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Drive Adjustable Seat Height Rollator
Drive LS Clever-Lite 5" Wheeled Walker
Millennial In-Motion Pro Crutches, 1 Pair
Drive Duet Rollator/Transport Chair
Drive Aluminum Transport Chair
Drive All Terrain Cane
Spitfire EX 1420 Compact 4 Wheel Travel Scooter
Drive Go-Lite Bariatric Steel Rollator
Nova Flip-Up Cup Holder
Rubbermaid Black Cane Tips
Do you sometimes find maintaining your mobility and balance a struggle? Are those knees just not what they used to be? Do you feel confined indoors by your limited mobility? If this is the case you may want to consider getting a mobility aid, such as a cane, to maintain your freedom and make your everyday life easier. For many people in this position, the world of mobility aids is a largely unknown one. You might already know that you want a bright pink cane, or one with racing stripes, but when it comes to what you need to ensure ideal comfort and mobility, it can be difficult to make an informed decision.
There are three basic types of canes you can choose from, and each comes with its own set of advantages.
The Standard Cane: This mobility device is probably the one that first comes to mind when you hear the word cane. It ranges from 34 to 42 inches in length, has a round, curved handle, and is generally made out of wood or metal. The standard cane has been made famous by such well-known figures as Charlie Chaplin, Franklin D. Roosevelt, and Moses. A simple test for finding your ideal size is to make sure the top of the cane is level with the inside of your wrist when your arms are hanging at your sides. A standard cane is ideal for people in need of a little extra balance, or who are slightly weaker on one side of their body.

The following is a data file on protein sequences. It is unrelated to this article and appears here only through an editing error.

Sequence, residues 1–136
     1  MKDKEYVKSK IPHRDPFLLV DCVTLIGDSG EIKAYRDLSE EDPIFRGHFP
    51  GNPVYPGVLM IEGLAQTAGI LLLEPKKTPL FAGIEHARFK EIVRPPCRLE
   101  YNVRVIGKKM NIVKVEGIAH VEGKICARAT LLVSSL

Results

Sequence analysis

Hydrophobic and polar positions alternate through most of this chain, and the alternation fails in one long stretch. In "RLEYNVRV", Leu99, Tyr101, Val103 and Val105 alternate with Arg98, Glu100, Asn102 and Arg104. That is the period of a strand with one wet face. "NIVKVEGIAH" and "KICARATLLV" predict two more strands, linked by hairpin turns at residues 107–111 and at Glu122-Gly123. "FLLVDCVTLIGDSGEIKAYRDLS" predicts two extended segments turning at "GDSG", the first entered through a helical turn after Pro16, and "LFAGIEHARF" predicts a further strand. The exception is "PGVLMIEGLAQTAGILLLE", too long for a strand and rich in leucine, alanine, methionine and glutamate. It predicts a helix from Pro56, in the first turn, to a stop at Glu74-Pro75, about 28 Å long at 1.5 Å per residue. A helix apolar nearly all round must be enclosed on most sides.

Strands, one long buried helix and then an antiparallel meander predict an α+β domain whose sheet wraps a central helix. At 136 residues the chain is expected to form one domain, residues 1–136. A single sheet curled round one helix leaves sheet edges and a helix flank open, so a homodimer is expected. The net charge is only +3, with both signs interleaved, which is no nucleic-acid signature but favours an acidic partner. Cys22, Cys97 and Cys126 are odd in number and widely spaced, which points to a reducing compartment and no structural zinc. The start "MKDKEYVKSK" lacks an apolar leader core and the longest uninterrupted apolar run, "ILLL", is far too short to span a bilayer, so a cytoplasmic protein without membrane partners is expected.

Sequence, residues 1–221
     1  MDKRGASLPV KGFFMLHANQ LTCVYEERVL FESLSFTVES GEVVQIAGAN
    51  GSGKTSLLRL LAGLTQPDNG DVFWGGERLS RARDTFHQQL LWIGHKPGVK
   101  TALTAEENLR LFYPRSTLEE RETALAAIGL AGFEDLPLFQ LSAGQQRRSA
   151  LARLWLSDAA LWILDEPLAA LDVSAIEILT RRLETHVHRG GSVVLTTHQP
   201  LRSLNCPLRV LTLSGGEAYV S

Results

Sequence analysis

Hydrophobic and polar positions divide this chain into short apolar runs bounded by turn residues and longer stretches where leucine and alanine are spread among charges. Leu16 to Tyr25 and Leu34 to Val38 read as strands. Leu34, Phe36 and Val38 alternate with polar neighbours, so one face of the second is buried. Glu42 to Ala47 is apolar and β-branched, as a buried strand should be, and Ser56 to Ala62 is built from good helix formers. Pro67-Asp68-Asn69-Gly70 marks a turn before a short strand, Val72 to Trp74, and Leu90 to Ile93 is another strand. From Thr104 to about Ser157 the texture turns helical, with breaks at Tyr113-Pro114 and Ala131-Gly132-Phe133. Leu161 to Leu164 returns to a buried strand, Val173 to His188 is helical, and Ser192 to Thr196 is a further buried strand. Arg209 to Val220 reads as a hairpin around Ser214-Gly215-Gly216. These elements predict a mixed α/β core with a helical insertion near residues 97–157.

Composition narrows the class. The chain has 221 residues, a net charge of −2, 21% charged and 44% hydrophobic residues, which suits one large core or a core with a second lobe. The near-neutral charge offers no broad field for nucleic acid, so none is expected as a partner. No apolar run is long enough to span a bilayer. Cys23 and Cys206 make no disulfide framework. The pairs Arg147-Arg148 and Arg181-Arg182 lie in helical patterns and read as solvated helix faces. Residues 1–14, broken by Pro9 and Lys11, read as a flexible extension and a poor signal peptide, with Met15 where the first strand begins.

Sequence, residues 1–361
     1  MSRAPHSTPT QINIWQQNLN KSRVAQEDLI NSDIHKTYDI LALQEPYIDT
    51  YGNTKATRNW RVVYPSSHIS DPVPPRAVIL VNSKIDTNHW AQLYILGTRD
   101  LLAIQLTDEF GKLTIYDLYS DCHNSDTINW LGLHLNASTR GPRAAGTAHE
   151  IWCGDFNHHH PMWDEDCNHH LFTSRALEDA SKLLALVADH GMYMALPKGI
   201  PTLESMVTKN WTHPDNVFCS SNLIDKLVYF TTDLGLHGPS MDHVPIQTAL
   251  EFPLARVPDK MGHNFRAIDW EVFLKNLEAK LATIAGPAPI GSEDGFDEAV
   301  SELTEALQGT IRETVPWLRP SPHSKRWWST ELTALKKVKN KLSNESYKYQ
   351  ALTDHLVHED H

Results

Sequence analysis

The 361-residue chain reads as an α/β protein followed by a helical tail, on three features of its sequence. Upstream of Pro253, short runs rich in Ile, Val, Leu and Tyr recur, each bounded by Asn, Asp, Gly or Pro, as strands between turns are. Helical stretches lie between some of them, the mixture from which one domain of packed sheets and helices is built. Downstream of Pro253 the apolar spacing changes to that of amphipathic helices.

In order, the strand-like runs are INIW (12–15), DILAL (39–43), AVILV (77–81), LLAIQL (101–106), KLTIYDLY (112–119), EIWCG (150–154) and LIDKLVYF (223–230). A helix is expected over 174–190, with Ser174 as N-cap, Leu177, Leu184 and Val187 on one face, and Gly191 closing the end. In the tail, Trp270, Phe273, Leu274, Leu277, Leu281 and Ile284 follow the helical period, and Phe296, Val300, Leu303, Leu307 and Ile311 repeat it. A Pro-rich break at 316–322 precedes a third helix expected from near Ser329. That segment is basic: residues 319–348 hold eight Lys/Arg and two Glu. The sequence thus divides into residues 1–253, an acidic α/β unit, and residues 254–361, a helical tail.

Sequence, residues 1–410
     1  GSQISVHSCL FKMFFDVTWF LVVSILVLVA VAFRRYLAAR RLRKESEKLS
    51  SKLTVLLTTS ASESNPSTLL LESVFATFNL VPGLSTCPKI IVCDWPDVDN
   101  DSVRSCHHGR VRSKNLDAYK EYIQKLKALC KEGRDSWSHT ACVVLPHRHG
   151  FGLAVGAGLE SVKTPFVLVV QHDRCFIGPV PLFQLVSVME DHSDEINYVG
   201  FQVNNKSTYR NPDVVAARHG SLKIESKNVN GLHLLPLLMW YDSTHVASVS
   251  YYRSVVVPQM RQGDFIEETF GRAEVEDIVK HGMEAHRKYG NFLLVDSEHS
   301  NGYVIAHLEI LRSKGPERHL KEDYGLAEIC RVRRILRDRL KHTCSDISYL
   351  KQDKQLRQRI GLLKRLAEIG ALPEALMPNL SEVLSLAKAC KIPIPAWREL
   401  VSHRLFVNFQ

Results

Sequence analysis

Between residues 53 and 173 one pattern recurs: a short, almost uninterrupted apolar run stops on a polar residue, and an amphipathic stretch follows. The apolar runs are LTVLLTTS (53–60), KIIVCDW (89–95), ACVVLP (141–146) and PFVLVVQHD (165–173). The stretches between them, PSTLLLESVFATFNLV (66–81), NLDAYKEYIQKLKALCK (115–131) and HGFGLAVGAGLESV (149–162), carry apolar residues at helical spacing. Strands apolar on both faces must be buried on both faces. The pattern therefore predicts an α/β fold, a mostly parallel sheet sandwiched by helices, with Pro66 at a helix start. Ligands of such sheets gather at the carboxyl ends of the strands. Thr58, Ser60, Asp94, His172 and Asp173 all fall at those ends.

Straight-handled Canes: This style of cane is similar to the standard, but it features a straight handle instead of a curved one, earning it the nickname “T-handle cane.” You can use the same test—(measuring the cane against your wrist)—to make sure it’s the right height for you. Straight-handled canes are particularly useful for people whose hands or wrists are weaker, as it offers support, and keeps you steadier when walking.
Broad-based canes: This mobility device is almost like a hybrid cane and walker. It resembles a standard cane at the top (though with a slightly straighter handle,) but at the bottom instead of one tip, it has three or four short legs, making it look almost like the bottom of a claw-foot tub. Also called quad canes, they offer the most support for people with poor balance, and help take extra strain off the legs and joints.
Any cane you select should have a rubber grip on the tip of it, to reduce the chance of slipping and falling. Selecting the cane that best fits your needs is important—it can make the difference between being confined indoors, and being able to move freely wherever you please. The good thing is that you’ll know when you've made the right choice, because you’ll not only have more independence of movement, but your new mobility device will also feel comfortable and easy to use.
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